Investors flock to Arlington plastics company
The latest cash infusion comes from the Confederated Tribes of Grand Ronde, Ore., which, along with other investors, are backing the company with $10 million.
The Confederated Tribes of Grand Ronde first learned about the MicroGREEN proposition from the Arlington-based Stillaguamish Tribe of Indians, which invested $5 million earlier this year.
MicroGREEN uses its patented technology, Ad-air, to convert water bottles into InCycle insulated hot and cold cups that can be recycled. And there are plenty of plastic cups and water bottles in landfills to use.
"We are talking about 140 billion drinking cups being used a year," in the United States, said Chris Jacobs, vice president of marketing and product development.
"Fifteen-hundred water bottles are used in America every second. It's a huge problem."
Turning that problem into an environmentally sound product that creates less carbon footprint is the Arlington company's core business.
The technology created at MicroGREEN allows the company to reduce waste and to lower costs in the production of InCycle cups.
Because plastics are not chemically altered in the process, the InCycle cups can later be recycled. There is no water used in creating the product, therefore no wastewater is created.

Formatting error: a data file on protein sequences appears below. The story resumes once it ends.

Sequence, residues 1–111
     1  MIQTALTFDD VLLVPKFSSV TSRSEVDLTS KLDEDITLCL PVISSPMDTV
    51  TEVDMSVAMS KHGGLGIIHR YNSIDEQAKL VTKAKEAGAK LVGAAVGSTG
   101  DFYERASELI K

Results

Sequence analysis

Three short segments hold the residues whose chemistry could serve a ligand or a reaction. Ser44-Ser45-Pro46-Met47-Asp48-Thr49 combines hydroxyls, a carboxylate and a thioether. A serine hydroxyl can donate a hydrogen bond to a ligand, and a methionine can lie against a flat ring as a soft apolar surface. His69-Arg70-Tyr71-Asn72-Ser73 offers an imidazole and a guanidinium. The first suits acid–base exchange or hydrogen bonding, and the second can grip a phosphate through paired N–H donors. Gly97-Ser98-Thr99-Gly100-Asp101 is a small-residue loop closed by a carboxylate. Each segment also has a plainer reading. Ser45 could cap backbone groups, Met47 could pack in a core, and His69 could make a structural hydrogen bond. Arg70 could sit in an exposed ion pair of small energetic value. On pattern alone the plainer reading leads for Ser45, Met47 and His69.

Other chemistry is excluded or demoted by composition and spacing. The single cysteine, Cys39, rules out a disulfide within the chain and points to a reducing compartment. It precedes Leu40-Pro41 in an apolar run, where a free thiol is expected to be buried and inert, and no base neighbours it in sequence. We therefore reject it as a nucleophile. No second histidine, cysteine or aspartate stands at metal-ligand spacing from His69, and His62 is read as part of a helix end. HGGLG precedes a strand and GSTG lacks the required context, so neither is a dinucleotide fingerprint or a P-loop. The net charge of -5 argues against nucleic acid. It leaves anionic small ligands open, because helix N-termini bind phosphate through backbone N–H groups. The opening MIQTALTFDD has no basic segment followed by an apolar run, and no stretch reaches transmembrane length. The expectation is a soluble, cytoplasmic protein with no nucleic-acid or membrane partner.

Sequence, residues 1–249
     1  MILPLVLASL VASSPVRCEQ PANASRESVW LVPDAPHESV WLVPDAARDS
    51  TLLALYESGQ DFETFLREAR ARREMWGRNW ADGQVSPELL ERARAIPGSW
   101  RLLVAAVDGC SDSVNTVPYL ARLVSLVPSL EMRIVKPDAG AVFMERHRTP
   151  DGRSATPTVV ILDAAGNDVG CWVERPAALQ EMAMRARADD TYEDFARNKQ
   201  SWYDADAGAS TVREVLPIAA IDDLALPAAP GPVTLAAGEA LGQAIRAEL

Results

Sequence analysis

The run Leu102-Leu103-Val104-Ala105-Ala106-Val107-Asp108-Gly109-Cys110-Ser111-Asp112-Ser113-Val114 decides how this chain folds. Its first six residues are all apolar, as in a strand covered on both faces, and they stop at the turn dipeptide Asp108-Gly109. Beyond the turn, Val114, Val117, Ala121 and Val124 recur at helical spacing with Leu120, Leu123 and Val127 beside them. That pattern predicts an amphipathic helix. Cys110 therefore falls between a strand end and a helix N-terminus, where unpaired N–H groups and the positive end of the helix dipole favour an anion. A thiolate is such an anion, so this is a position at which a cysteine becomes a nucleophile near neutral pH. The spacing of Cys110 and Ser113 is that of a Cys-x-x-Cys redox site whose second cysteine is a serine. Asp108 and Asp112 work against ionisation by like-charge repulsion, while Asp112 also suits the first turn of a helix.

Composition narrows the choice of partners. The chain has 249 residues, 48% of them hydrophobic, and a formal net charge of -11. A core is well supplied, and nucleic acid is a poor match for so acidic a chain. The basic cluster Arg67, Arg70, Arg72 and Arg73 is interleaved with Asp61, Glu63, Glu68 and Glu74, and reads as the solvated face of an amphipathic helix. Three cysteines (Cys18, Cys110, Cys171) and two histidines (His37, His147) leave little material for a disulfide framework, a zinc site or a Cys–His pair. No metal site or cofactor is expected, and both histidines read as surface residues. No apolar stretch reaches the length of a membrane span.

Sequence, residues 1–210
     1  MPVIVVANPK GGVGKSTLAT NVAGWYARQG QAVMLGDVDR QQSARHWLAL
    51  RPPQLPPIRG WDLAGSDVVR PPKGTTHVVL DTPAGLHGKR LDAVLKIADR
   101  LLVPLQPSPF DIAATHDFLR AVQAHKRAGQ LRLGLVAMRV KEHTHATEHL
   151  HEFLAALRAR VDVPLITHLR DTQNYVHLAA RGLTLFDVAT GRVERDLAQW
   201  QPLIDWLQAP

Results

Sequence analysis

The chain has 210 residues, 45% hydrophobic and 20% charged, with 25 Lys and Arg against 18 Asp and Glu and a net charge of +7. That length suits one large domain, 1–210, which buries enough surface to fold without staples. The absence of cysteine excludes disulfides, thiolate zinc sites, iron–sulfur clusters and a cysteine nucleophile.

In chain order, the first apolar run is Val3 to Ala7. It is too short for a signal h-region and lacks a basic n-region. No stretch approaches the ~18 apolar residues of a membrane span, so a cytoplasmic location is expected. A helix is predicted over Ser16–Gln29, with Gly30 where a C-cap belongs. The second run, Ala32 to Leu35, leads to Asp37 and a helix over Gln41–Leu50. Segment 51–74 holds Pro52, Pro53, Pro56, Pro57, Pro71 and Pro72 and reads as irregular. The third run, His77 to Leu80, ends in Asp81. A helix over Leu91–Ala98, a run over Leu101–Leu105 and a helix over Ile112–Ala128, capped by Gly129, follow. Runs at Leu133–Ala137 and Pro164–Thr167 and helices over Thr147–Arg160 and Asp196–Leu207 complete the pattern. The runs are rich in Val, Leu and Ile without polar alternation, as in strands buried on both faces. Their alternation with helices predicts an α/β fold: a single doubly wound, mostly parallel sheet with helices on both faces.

The Arlington facility has the ability to convert at least 20 million pounds of water bottle plastic every year. The cups also weigh between 50 to 80 percent less than other products with similar firmness and are more durable than solid plastic, the company says.
Interests in the MicroGREEN's technologies span the globe, including Great Britain, South Africa and Japan.
For now MicroGREEN will use some of the recent investment money to help finance $8 million of production equipment that will integrate manufacturing processes.
Although the company will hire more staff, the majority of the invested money will go to manufacturing capabilities, Jacobs said.
MicroGREEN was founded by graduate researchers at the University of Washington and funded by angel investors and the Washington Research Foundation in 2006.
With investments in place, MicroGREEN will extend commercial production to meet demand from existing orders such as Redhook Brewery and Alaska Airlines. Those customers purchase the cups, the product that the company is focusing on for airlines and quick serve restaurants in a $25 billion market.
The company expects to raise an additional $5 million soon.
"It's a fantastic time to be at the company," Jacobs said.
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